Setup combining Syntakt and Maschine MK3

Long story short, I’m enjoying my first steps with the Syntakt (which I bough after selling my MPC One), but I was missing some pads and I am getting a second hand Maschine MK3, also meant to serve as main DAW controller.

Now I’m scratching my head to find a smart way to make the most of each device and connect them together. The point where I especially welcome advice from more experienced peers is in deciding how to use the audio interfaces and ports of the Syntakt and the Maschine (and I have a Komplete Audio 6 interface too, which preceded these two devices).

The objectives

  • First and foremost, have everything connected to my DAW. This is a stable setup at home.
  • Secondarily, be able to use the setup daw-less for those days to just play around.

If it helps, right now I am not interested in making the NI software the center of everything. The Maschine hardware as a controller is for me more interesting than the whole Komplete etc stuff.

The devices I have (maybe there are redundancies after adding the Maschine):

  • Syntakt
  • Maschine
  • Dreadbox Nymphes synth
  • Komplete Audio 6 interface
  • MIDI keyboard
  • headset & speakers
  • a PC

Any suggestions? Am I making a big deal of nothing? Is this the moment when I can put that mysterious Syntakt’s MIDI-through port into use? :sweat_smile:

You can use maschines outputs into Syntakt to take advantage of FX track. Melodies and vocals would be great I think. Maschine Mk3 is a great controller, but for me the magic happens when I lay my hands on the Syntakt .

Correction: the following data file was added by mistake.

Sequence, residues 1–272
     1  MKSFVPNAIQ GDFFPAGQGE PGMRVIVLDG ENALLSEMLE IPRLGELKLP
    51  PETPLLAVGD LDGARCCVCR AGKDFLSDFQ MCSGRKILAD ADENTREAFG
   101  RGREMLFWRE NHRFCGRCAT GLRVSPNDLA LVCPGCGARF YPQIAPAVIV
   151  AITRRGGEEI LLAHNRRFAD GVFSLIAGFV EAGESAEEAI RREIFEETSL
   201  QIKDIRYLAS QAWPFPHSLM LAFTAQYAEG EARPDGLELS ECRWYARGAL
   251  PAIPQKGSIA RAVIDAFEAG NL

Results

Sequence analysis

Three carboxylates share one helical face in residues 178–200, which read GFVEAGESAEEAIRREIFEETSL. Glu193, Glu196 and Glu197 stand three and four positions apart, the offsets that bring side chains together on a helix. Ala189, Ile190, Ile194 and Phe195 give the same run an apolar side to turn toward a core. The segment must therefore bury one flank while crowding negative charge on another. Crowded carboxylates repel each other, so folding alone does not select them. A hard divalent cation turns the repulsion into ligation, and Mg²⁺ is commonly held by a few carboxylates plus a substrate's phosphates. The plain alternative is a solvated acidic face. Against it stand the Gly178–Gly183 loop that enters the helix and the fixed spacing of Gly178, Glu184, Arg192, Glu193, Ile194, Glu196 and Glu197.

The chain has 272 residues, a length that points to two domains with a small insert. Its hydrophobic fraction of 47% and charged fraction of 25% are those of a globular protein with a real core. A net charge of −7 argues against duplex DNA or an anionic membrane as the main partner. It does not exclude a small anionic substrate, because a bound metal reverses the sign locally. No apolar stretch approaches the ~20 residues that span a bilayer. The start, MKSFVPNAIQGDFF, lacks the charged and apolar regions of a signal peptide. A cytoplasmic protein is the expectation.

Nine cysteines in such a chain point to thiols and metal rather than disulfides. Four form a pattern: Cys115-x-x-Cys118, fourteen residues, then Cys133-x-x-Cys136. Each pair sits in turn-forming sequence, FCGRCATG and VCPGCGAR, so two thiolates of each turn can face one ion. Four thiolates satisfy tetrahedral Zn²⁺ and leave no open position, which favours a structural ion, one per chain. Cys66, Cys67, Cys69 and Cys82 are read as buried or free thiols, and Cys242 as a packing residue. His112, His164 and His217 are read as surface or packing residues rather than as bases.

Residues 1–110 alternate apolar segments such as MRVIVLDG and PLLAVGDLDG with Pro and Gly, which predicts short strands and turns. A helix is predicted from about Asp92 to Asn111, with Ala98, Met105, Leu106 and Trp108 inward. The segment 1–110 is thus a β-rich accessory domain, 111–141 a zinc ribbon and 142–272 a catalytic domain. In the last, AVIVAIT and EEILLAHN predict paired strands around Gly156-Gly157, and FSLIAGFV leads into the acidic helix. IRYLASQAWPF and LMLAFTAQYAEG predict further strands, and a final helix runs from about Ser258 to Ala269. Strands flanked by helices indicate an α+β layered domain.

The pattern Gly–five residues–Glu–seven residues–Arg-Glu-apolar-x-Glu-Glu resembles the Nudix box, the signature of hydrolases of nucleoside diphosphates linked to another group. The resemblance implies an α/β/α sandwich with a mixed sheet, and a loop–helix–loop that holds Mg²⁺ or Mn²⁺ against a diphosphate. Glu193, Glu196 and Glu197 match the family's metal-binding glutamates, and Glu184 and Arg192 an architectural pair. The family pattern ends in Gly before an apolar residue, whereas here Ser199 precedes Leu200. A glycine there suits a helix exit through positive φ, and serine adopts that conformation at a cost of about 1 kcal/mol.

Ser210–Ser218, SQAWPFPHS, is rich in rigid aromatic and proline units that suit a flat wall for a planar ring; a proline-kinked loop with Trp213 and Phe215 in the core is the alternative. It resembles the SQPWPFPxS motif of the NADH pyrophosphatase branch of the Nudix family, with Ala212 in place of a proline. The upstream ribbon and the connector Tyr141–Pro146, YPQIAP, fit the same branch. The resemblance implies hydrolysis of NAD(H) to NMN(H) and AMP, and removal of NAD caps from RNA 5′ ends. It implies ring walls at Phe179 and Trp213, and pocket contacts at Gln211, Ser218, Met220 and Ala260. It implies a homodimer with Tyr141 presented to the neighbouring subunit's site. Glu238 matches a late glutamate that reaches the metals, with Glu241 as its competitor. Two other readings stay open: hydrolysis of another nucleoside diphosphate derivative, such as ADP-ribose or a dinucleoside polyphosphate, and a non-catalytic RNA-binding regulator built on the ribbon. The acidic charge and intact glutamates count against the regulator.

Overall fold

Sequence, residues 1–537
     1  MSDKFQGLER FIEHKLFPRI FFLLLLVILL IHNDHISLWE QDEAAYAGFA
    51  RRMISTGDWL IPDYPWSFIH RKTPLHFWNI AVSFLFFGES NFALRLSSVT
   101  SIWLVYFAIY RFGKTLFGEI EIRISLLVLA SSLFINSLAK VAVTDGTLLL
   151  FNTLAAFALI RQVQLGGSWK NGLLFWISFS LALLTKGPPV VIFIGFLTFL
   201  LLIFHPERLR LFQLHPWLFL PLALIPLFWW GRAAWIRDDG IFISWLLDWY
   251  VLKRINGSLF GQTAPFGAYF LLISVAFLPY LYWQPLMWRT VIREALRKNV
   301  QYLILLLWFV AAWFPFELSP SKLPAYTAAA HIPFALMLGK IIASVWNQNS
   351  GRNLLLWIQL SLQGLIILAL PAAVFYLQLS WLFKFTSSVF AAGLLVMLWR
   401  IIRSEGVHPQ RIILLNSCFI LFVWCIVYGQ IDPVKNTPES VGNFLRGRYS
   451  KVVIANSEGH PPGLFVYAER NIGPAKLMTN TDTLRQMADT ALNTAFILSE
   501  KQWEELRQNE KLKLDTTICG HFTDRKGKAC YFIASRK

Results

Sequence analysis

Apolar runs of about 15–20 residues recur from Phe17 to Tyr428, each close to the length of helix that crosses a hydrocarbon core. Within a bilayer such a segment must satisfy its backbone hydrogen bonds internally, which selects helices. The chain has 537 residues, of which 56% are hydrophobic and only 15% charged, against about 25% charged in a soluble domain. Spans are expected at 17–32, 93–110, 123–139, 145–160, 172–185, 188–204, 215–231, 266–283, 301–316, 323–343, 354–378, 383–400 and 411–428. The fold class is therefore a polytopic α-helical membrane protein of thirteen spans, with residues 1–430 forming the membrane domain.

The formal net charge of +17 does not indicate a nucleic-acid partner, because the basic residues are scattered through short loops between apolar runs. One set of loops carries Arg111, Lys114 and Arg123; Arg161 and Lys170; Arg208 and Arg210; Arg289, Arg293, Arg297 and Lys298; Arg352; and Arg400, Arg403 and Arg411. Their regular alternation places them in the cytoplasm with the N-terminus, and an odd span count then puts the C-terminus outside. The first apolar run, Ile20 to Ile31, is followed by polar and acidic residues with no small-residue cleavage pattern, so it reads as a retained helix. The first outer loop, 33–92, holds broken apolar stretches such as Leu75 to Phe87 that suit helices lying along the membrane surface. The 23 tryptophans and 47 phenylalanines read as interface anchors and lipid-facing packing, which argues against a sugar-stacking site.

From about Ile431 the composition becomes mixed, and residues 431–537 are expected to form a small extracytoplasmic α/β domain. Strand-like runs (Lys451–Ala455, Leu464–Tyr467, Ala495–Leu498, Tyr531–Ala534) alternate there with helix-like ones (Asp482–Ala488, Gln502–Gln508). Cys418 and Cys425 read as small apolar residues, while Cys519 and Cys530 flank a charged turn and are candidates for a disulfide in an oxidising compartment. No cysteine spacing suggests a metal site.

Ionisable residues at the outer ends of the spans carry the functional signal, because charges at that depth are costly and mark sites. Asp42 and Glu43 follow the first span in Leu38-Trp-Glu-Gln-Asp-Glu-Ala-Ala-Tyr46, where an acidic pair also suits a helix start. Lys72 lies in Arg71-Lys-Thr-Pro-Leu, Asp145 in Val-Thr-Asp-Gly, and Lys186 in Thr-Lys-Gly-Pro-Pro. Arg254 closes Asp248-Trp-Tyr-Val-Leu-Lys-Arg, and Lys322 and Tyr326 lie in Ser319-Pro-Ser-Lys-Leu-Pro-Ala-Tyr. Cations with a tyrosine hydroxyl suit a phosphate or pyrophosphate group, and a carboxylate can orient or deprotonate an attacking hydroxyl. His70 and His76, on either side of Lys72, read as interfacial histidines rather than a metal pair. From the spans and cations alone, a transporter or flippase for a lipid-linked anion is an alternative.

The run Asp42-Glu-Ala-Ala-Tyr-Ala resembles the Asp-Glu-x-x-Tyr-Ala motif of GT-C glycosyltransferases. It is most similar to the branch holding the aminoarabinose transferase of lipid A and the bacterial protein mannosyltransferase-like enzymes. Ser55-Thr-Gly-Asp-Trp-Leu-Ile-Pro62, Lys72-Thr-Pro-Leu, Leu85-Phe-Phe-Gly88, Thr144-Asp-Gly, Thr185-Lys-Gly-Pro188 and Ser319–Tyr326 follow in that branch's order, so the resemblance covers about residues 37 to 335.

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You have a nice setup - I think you’re good with that.

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So… did I get it right, that you do NOT want to use the Maschine SOFTWARE at all? And just use Maschine as a MIDI-controller? IF that’s the case, then just combine those things how ever you need and want with midi cables (or to your computer with USB). And make your own MIDI mappings for the Maschine MK3, with their MIDI Controller Editor, or what it was called. It’s really, really powerful piece of software for customising the mappings, people have done crazy stuff with it.

But, IF you want to run the Maschine software and thus have Maschine MK3 be its own instrument, which I highly recommend, as Maschine MK3 is first and foremost a controller for that particular software, then you need to have Syntakt as your master clock as computer generated MIDI-clocks make gear, like Syntakt/Digitakt/Digitone, with their own sequencers to have a constantly jumping MIDI-clock (as computers round up MIDI-clock a bit different way). Of course then you need to forget being DAW-less, as MK3 always needs a computer to be able to run Maschine software (which is kind of a DAW).

Hope this helped. :v:

The second-hand Maschine arrived… and my initial plans changed. They had to. I miscalculated a small detail: Maschine’s Linux support. I was aware that NI hardware doesn’t support Linux (except the Audio Komplete, which works like a charm). This is why I was ready to give up on the Maschine software. But I thought it would at least send MIDI just fine. It doesn’t.

Now I keep having my Linux setup without the Maschine… and a new Windows setup with the Maschine (yay dual boot). :confused: And yes, sure, the Windows setup has the Maschine and Komplete Select software it came with.

I still like the Maschine hardware, these pads are very good and I’m learning about the rest. So I’ll keep it and see where all this goes. Maybe I’ ll go dawless / Linux for playing around and starting things, and then the Windows setup if/when I get more serious with the production of a track, or when if feel like finger-drumming. Who knows.

But yeah, I didn’ t expect this total lack of basic MIDI compliance / communication from such a beautiful and rather expensive hardware. I should have read those Linux compatibility discussions beyond the “Support NI software on Linux!” smoke curtain. :slight_smile: